The city of Anchorage’s request to use the Alaska National Guard for homeless response amid the COVID-19 crisis has been denied.
In a request last Friday to the State Emergency Operations Center, officials asked for National Guard assets to patrol the mass shelter complex at Sullivan and Ben Boeke arenas, surrounding neighborhoods and “high-volume homeless areas,” including sections of the Chester Creek and Campbell Creek trails where unsheltered people often stay.
“Request 24/7 patrols every hour throughout the Boeke/Sullivan Mass Shelter complex from 16th Avenue on the north; Gambell Street on the east; 20th Avenue and the Chester Creek Trail to the south; and A Street to the west,” the request reads.
Officials also asked for Guard troops “to support homeless camp cleanup efforts, trash collection, and removal” in coordination with municipal employees.
The request was denied in part because “homeless camps were preexisting to the pandemic,” according to Lt. Col. Candis Olmstead of the National Guard. According to the U.S. Treasury Department, federal coronavirus relief funds can only be used to cover expenses incurred on Dec. 31, 2019, or after, she noted.
Rather than a National Guard deployment, the city should “consider employing a private security contractor to provide additional unarmed security,” Olmstead said.
The Alaska National Guard is a last resort when other state, private and nonprofit resources are unavailable or unable to respond to an emergency or disaster.
Currently, the National Guard in Alaska is focusing on organizing private air ambulances and other aviation resources to move patients around the state, particularly from rural communities to regional hubs where they can get advanced medical care, said Jeremy Zidek, spokesman for the state Division of Homeland Security and Emergency Management.
Conditions for the city’s roughly 1,100 homeless residents shifted dramatically with the pandemic’s arrival. Anchorage’s largest shelter, Brother Francis, reduced the number of people it could serve because of federal guidance recommending 6 feet of space between cots or mats. Bean’s Cafe, an overflow shelter next door, closed and moved its operations to the Sullivan and Ben Boeke arenas, which the city opened as mass shelters on March 21.
Relocating shelter operations has disrupted residential areas near the arenas and led to the expansion of homeless camps along the nearby Chester Creek greenbelt. And areas near Brother Francis along East Third Avenue “have become heavily populated with tents and campers,” according to the city’s request.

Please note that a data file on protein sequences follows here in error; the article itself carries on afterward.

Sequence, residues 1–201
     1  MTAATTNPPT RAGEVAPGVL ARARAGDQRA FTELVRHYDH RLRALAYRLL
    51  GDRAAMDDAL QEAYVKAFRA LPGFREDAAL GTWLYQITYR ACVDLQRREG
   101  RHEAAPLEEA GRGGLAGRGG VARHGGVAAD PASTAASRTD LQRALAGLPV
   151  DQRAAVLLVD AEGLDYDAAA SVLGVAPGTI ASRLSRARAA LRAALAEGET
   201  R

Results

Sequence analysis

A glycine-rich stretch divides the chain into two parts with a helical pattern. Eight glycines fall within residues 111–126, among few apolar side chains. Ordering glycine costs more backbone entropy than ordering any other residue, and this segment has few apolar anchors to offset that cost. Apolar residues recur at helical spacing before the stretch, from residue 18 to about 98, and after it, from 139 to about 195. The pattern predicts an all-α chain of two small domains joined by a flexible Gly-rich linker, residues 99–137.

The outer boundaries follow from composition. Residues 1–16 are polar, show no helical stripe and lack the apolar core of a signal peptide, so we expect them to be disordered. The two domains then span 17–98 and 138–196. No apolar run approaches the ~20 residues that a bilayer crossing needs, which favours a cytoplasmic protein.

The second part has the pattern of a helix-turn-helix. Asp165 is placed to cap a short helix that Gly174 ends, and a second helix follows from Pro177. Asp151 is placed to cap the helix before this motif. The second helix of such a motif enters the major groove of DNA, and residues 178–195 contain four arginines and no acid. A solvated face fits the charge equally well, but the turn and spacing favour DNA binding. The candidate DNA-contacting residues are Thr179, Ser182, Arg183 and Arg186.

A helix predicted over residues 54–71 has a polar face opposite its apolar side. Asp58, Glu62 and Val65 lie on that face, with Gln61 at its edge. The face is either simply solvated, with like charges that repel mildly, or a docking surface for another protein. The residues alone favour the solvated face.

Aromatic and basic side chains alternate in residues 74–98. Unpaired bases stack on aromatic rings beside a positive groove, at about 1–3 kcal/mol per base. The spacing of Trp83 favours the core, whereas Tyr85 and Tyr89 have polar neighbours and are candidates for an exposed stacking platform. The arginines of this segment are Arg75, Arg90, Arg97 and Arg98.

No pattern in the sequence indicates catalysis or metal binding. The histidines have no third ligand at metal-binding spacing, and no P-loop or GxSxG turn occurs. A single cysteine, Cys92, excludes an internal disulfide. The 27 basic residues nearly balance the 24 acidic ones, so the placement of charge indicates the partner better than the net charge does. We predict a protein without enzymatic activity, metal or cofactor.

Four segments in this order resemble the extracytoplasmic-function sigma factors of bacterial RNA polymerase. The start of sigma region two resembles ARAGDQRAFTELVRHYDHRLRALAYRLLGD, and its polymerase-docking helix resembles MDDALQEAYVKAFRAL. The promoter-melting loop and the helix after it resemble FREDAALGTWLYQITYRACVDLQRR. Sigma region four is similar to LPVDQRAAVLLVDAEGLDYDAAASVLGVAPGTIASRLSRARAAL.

“There are public safety, public order, and public health concerns about the level of unsheltered homeless individuals establishing camps on public property, including green belts, municipal land and other areas,” it reads.
During a community briefing on Wednesday, Mayor Ethan Berkowitz said Anchorage should be proud that it stood up a mass shelter that can serve over 450 people a night with adequate spacing, food, medical and social services during a pandemic.
But he acknowledged not everyone is using those services during the public health emergency.
“This is not an easy population to deal with. A lot of people are on the streets or in the camps because we have a broken safety net in this country and in this state and in this city. We don’t have the mental health and the behavioral health systems that we should have in place. We don’t do the drug and alcohol treatment. All of those things are chronic failures. And we see the consequences of that in our homeless population on an ongoing basis,” Berkowitz said.
Anchorage is struggling to address those problems, he said.
On Tuesday, the city expanded a “hunker down” emergency order to include everyone, including the homeless.
The order applies “to everyone in Anchorage by mandating that everyone stay home as much as possible, and that home may include a residence, a temporary residence, or a shelter,” according to a city statement Wednesday.
Berkowitz referenced the change in his community update.
“Regardless of where you are in the city, we want everyone to know that the hunker down rules apply to you. And that everybody here has not just a responsibility but a role to play in trying to make sure this community stays safe,” he said.
How the city will apply the order to campers in greenbelts, parks and vacant lots remains unclear. Questions about enforcement of the expanded order to the mayor’s spokeswoman and other city officials went unanswered as of late Wednesday afternoon.
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